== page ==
• 12 Crossbarn by Paul Hobbs Anderson Valley Pinot Noir (Anderson Valley): No shortage of things to say, no lack of pride in doing so. $35 B+ >>find this wine<<
  • 12 Starmont Winery and Vineyards Stanly Ranch Estate Chardonnay (Carneros): Bold, d complicated, big-time; & yet, never losing grace. $45 A- >>find this wine<<



Furmint Adventures Episode 3: Barta Winery

Vinted on January 22, 2015 binned in 1WineDude TV, on the road

The third episode of my Furmint Adventures is now available for your viewing edu-tainment.

In this episode, I get my sorry lush ass dragged up to the Öreg Király dűlő (Old King Vineyard), an ancient volcano with an historic vineyard on it that was saved from oblivion by Károly Barta, owner of Barta Winery.

Of course, we also drink some stellar Furmint wines, while he shows me the stunning views from the vineyard site, and jokes (I think it was joking, anyway) that a lot of wine bloggers have… monkey brains. It will all make sense in less than six minutes!

Furmint Adventures – Episode 3: Barta Winery





Are Wine Critics More Qualified Than Wine Bloggers?

Vinted on January 20, 2015 binned in commentary, wine news

A friend of mine – Elaine Brown of Hawk Wakawaka Wine Reviews – recently sent me a note indicating that another friend of mine (David White of Terroirist) and I were mentioned in an online article over at that was written by yet another friend of mine, Jonathan Cristaldi.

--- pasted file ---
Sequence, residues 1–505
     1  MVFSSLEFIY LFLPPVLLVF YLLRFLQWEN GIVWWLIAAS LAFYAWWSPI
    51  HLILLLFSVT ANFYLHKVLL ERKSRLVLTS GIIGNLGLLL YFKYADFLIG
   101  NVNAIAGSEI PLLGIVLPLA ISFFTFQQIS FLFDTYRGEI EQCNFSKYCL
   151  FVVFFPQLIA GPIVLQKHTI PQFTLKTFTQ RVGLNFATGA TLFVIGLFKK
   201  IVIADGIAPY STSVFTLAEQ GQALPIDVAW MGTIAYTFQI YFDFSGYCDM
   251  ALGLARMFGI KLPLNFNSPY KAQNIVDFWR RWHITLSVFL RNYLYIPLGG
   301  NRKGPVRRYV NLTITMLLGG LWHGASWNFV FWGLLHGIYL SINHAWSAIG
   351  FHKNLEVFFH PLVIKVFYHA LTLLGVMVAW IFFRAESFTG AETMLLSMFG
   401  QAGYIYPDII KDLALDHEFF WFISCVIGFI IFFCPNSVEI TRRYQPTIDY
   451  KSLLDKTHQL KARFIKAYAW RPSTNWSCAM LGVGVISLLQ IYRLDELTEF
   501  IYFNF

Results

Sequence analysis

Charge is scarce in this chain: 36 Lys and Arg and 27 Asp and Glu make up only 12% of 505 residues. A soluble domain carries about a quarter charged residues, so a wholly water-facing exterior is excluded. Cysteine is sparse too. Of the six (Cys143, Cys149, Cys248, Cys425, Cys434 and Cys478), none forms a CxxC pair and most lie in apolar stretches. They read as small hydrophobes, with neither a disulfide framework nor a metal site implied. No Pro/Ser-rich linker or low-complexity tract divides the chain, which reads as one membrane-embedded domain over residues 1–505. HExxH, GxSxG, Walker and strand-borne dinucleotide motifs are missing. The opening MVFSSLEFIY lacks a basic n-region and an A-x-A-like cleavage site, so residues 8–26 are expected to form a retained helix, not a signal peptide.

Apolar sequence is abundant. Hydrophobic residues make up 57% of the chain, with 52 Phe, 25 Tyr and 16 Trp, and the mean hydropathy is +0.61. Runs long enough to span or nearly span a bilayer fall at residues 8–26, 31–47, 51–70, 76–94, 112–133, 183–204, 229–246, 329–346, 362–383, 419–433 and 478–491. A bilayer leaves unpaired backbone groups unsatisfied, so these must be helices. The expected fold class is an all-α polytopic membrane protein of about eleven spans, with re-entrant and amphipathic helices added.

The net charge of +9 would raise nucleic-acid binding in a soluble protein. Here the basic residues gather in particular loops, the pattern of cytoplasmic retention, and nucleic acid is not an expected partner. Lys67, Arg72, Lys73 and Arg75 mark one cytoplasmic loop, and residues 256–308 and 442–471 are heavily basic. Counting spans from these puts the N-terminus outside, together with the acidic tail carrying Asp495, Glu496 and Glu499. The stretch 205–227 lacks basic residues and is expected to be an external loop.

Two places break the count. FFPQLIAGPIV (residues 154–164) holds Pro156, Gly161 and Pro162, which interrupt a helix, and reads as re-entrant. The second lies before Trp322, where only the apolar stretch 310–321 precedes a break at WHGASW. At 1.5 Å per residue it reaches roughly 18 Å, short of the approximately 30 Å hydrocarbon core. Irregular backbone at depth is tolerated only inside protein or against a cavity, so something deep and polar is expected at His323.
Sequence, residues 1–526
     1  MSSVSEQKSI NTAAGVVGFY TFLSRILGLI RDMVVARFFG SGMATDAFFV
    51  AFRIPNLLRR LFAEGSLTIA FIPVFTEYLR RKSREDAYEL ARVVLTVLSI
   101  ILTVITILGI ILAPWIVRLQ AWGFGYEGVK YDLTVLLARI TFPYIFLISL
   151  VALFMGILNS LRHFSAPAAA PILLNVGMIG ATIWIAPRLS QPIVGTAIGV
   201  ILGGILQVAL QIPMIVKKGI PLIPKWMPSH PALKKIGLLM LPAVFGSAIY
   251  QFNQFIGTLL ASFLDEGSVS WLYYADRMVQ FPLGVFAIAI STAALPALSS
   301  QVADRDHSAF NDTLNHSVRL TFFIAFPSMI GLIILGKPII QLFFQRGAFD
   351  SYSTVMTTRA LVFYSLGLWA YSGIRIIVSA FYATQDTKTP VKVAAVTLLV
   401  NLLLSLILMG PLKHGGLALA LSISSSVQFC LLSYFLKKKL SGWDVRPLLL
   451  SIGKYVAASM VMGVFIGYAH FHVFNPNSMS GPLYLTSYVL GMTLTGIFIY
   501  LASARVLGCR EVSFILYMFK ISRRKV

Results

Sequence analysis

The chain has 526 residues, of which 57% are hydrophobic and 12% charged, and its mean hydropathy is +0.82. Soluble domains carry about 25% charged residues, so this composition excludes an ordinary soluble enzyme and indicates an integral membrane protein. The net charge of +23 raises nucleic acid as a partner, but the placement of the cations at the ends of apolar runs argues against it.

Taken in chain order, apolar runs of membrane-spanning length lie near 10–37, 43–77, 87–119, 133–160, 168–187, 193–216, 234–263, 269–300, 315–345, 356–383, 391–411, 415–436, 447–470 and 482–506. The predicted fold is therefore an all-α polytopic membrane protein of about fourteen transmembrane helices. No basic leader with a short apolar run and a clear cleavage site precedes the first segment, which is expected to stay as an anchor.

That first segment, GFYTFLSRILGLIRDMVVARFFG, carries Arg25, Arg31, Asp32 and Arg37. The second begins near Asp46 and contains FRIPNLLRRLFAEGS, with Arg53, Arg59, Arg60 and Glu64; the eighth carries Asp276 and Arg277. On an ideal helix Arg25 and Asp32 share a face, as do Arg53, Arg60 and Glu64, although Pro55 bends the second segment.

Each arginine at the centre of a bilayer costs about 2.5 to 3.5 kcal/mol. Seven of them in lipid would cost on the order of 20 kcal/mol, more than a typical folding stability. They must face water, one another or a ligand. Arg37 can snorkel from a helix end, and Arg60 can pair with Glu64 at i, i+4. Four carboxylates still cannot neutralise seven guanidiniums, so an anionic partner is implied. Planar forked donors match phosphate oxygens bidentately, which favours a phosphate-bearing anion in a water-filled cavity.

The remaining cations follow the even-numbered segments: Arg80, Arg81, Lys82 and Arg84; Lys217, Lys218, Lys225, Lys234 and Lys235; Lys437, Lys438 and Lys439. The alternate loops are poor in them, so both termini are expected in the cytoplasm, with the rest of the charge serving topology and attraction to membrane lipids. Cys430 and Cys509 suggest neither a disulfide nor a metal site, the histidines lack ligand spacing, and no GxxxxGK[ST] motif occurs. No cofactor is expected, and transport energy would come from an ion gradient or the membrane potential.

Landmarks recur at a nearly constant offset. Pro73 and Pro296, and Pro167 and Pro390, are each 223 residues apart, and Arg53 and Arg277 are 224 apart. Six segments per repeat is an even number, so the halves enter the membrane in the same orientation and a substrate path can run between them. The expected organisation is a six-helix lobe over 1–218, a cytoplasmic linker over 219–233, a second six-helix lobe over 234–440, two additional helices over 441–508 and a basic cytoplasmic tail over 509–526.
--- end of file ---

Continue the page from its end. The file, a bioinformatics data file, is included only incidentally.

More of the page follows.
Yeah, the wine world is kind of small like that.

Anyway, the article is titled “10 Dirty Secrets of Wine (That Nobody Wants to Talk About)” and it makes for a fascinating, funny, and at times kooky read about some revealing but less-than-glamorous aspects of the wine trade in general (my personal favorite from the list, which is funny although it sells many bartenders seriously short: “Bartenders and mixologists don’t give a shit about wine”).

The item in which we’re mentioned is “Wine critics aren’t necessarily more qualified than bloggers,” which I am quoting below so you can get up to speed quickly: